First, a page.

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Cattle market rebound should last through fall, economist says

Jeff Caldwell 05/11/2010 @ 9:22am Multimedia Editor for Agriculture.com and Successful Farming magazine.

The recession of the last couple of years is easing. And, as it does, it's helping the cattle market claw out of the hole it was in earlier this year and last year.

Though other factors are in play in the marketplace, the reason for the return to $100-per-hundredweight (CWT) price levels is due mostly to the recovering economy and resulting boost in consumer confidence.

"Beef production in the United States so far this year has been down 1%. A somewhat higher rate of slaughter has been more than offset by lower cattle weights. But there are even more important reasons to explain why cattle prices are so strong," says Purdue University ag economist Chris Hurt. "The result of modestly smaller U.S. production with such strong exports and reduced imports is that first quarter available beef supplies per person in the U.S. were down about 5%."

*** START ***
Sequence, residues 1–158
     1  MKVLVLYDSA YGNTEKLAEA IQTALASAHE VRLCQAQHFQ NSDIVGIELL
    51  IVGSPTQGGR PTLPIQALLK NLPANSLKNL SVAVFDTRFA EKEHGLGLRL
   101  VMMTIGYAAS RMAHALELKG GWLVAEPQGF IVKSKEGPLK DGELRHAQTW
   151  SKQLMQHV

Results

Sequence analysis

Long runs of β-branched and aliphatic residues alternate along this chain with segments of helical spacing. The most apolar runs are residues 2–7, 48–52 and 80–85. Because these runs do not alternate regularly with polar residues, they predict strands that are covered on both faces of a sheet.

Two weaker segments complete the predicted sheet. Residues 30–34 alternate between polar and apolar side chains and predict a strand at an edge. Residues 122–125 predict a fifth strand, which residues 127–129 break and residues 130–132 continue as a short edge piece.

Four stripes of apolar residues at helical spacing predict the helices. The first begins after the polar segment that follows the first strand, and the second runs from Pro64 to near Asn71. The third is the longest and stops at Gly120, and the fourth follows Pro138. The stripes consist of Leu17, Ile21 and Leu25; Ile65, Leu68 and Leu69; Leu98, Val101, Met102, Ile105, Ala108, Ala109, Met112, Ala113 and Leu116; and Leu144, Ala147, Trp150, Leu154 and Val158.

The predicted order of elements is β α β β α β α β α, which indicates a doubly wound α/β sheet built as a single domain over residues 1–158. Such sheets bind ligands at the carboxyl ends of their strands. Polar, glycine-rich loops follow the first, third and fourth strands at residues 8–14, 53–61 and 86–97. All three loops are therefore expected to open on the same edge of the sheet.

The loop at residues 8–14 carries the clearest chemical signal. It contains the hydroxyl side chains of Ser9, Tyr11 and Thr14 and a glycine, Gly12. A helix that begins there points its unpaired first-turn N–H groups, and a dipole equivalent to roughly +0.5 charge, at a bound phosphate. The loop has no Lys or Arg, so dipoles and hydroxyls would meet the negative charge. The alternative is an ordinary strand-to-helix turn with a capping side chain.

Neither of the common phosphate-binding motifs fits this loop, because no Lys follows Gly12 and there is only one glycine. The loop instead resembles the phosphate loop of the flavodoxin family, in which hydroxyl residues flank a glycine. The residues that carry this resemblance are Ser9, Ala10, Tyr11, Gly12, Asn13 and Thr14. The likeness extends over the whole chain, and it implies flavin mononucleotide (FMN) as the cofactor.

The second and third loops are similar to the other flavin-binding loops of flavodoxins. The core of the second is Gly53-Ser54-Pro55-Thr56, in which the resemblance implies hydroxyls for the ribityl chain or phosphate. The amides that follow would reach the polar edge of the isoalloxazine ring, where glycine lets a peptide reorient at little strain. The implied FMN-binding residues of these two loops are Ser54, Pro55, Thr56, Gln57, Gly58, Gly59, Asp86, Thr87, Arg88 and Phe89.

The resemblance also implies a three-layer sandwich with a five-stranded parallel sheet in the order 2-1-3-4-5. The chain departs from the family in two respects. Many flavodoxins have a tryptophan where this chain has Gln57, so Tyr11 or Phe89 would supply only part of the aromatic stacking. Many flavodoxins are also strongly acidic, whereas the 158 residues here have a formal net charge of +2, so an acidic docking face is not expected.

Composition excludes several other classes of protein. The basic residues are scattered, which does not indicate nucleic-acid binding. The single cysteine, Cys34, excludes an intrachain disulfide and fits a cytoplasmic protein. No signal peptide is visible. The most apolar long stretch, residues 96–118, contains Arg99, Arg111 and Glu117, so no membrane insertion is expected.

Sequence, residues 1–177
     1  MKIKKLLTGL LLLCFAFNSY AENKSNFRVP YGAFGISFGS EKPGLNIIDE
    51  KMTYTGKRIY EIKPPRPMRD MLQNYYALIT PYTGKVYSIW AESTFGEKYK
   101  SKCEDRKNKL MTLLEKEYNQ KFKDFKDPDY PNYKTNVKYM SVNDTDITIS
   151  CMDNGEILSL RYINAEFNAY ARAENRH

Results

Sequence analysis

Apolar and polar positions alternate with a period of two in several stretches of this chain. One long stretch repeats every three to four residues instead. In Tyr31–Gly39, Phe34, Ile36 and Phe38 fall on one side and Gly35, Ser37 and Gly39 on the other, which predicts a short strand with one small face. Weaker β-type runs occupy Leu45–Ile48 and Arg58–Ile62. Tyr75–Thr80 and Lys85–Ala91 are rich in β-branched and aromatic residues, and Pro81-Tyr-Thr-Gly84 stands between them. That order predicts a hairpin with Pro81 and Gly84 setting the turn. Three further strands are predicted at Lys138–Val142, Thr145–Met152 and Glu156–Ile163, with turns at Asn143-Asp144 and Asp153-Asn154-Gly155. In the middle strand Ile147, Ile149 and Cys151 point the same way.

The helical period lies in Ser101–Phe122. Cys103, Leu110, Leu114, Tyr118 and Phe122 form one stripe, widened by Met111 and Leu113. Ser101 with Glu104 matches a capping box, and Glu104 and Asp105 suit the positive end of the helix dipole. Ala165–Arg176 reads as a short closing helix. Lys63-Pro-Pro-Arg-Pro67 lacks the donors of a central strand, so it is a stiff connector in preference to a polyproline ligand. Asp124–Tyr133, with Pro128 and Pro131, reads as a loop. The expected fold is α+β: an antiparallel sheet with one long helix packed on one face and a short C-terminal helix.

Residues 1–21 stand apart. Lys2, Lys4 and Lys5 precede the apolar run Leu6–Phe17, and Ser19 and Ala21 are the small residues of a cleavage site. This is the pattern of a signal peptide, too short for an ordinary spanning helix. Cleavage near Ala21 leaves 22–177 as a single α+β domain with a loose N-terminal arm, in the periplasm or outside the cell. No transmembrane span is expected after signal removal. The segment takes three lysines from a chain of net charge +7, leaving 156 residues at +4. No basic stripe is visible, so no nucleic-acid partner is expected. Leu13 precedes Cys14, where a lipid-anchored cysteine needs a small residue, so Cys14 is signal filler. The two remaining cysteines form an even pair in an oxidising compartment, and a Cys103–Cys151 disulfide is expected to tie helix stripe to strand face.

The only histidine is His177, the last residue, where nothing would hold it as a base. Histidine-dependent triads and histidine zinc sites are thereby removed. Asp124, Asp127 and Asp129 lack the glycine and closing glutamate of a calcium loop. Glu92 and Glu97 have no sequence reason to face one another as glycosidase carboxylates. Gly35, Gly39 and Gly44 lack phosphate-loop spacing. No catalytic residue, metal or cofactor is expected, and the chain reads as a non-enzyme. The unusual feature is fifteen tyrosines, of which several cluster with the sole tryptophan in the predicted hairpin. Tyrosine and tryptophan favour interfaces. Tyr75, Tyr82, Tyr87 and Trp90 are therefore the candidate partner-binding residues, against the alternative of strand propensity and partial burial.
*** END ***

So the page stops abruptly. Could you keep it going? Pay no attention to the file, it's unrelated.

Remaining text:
Consumer demand, though, has risen not just in the U.S. but abroad. U.S. beef exports were up by 24% in January and February of this year, Hurt says. Stateside, retailers have held down beef prices, stirring domestic consumer demand. According to a Purdue report, retail beef prices in the first quarter of 2010 were 10% lower than a year ago. That's not going to last, Hurt says.

"We can expect to see retail prices move back to record high levels, which were $4.46 per pound in the third quarter of 2008," he said. "In fact, it is likely consumer prices will set new high records this summer and fall. Given the still weakly recovering economy, consumer demand may not appear so robust this summer."

Hurt says he expects cattle prices to dip slightly this summer, but generally stay strong strong. He says finished cattle prices will stay peaked through the spring, with summer prices in the low- to mid-$90 range per hundredweight, followed by another peak in the fall.

"The 2010 prices may average about $93, dramatically above the $83 of 2009," Hurt says. "Prospects for 2011 should remain strong as well, perhaps moving upward close to $95 for the year."

The recession of the last couple of years is easing. And, as it does, it's helping the cattle market claw out of the hole it was in earlier this year and last year.

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